Empowering Young Women With Mimi & Emma's Boutique



RV Business Style: Mimi & Emma's Mobile Boutique

 Empowering Younger Women While Teaching Them About What It Means To Be An Entrepreneur

Shopping At Mimi & Emma's Mobile Boutique [Courtesy/Mimi & Emma]

After 21 years in the business world working as an HR representative, Mary Ann DiMarzio has developed a passion for mentoring young entrepreneurs, particularly young female entrepreneurs.

“Because I am a woman in business, I understand now, as I am older, the importance of relationships and building your circles,” Mary Ann reflects. “I didn't learn that at a young age. I want the girls to understand that relationships are so important and [to] see what happens when you build a relationship one person to another person and all the dots will connect. If you can figure that out and recognize it through your college years and see how those relationships build your business, then that will parlay into something successful as you go on in life. It’s about life lessons.”

Mary Ann is sharing these life lessons with young women in her community through her small business in Atlanta, Georgia, a mobile boutique called Mimi & Emma’s.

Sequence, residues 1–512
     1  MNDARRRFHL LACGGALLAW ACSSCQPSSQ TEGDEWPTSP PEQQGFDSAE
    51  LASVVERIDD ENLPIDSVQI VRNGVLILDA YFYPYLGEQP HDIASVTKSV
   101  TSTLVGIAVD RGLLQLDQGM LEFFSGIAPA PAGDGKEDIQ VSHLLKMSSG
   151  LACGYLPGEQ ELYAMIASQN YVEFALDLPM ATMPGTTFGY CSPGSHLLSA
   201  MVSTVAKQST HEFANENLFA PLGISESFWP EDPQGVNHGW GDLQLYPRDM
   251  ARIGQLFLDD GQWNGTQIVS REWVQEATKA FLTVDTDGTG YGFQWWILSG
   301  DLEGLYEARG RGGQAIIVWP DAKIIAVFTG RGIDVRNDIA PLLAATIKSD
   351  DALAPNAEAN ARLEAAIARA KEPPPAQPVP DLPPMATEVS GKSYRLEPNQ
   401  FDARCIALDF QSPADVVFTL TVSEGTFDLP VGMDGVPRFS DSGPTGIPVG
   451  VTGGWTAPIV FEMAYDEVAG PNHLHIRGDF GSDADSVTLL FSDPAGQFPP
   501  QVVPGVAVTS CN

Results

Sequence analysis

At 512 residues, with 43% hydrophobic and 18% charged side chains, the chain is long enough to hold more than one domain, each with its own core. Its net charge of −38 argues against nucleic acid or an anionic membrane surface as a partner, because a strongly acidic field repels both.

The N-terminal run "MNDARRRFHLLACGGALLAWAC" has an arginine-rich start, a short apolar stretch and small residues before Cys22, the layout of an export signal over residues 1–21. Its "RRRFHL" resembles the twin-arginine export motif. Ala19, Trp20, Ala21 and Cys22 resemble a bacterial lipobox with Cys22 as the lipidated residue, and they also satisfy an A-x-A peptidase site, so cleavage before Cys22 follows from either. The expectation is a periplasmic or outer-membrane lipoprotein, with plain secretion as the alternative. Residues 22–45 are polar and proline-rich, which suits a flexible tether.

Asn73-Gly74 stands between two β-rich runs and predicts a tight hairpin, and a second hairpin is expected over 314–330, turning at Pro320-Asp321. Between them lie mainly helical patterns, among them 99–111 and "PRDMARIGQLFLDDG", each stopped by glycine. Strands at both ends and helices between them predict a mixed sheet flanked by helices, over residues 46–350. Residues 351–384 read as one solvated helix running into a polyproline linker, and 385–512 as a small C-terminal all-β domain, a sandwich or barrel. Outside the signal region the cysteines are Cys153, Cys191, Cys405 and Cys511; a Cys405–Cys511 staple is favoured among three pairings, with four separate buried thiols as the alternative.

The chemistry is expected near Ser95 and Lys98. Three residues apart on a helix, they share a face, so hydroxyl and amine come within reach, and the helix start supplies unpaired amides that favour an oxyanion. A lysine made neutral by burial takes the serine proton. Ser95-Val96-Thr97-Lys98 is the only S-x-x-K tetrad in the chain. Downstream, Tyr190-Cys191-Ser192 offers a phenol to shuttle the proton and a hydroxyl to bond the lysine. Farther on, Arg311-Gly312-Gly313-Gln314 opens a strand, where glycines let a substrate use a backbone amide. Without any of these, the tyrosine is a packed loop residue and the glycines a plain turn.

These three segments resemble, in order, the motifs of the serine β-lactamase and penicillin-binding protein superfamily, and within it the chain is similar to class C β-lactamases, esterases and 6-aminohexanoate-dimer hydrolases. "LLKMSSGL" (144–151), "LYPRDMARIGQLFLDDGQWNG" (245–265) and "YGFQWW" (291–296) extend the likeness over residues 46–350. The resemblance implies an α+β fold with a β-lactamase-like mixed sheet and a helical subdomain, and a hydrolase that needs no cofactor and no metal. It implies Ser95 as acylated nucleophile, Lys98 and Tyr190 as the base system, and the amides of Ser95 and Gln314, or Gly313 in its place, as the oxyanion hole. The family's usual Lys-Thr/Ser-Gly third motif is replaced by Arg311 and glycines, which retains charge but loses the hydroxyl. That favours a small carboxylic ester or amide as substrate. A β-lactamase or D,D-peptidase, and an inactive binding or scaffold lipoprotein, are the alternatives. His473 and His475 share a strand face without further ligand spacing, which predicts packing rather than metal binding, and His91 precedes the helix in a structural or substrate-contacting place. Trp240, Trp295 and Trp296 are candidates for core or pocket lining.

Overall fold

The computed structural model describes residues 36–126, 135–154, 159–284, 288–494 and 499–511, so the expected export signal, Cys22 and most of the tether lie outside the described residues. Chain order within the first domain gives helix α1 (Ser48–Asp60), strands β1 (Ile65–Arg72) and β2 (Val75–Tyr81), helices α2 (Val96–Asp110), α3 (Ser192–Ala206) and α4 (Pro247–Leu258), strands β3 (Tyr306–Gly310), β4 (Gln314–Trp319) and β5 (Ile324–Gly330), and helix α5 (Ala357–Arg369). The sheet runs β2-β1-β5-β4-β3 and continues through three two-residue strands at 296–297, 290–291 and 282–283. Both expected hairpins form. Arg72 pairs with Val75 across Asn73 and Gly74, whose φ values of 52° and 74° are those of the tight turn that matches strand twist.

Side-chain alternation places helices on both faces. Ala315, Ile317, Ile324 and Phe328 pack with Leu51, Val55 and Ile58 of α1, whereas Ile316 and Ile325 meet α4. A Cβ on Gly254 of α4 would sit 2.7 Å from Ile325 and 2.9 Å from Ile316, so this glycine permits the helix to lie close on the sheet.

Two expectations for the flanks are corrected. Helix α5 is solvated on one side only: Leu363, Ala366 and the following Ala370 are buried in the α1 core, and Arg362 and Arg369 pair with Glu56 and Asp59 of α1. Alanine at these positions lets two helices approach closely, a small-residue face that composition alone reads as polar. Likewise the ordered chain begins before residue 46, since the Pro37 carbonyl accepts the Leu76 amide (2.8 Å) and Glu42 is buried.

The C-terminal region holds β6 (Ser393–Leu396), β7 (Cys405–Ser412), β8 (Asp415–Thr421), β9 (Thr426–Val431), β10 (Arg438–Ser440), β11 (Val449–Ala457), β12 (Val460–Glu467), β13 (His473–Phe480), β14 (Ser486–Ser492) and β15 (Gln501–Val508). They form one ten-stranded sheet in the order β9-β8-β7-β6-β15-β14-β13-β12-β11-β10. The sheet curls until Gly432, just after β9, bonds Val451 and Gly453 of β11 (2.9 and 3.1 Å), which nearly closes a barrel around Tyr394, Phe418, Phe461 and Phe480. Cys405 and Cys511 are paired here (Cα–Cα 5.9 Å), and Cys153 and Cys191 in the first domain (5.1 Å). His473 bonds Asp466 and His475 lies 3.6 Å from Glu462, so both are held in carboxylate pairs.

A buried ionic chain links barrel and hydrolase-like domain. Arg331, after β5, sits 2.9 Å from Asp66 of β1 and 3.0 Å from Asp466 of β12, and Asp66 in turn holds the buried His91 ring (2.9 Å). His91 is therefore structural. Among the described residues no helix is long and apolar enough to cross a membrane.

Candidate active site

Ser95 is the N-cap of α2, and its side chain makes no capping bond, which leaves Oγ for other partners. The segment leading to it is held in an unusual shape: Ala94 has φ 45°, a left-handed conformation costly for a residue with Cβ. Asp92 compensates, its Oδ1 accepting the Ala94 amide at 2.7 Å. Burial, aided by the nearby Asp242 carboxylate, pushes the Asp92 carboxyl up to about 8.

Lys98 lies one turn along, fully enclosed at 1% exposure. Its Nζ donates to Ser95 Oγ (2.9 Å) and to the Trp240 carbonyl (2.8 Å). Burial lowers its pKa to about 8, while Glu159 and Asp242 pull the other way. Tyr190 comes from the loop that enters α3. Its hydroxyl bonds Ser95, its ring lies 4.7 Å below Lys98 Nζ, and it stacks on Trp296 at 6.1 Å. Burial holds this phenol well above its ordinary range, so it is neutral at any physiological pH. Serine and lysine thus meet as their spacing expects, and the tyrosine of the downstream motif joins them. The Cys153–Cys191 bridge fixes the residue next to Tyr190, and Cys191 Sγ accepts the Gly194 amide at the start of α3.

“I’ve always had that little bit of entrepreneurial spirit,” Mary Ann says of her idea to start a mobile business. The inspiration came to her when her daughters were college aged. When her youngest daughter took an interest in Greek life, Mary Ann found herself overwhelmed by the wardrobe needs of her pledging daughter.

As Mary Ann explains, “[Sororities] have certain colors [members] are required to wear or a certain style of dress. They also have events where they have to dress semi-formal…. Through rush, there may be a requirement for white dresses…. Everything is based on color depending on the college they’re at.”

Out of the overwhelming need to provide her daughter with the right clothes, Mary Ann had an idea: “As a mom I was going crazy. At that point, it just came to me. You know what would be awesome? If we could just pack everything up, put it in a truck, and just sit it outside of a sorority house and let these girls shop. “

After mulling the idea over with a couple of friends, who encouraged her to develop the concept, Mary Ann decided to make a go for it. She very quickly had the support of her daughter and their circle of friends. That was the first circle of women that helped to set Mary Ann on track for accomplishing her goal.

“My daughter has a very wide group of friends, so there were always girls coming in and out of our home. That’s really how it all started.  One thing led to another and all the pieces fell in place for it.”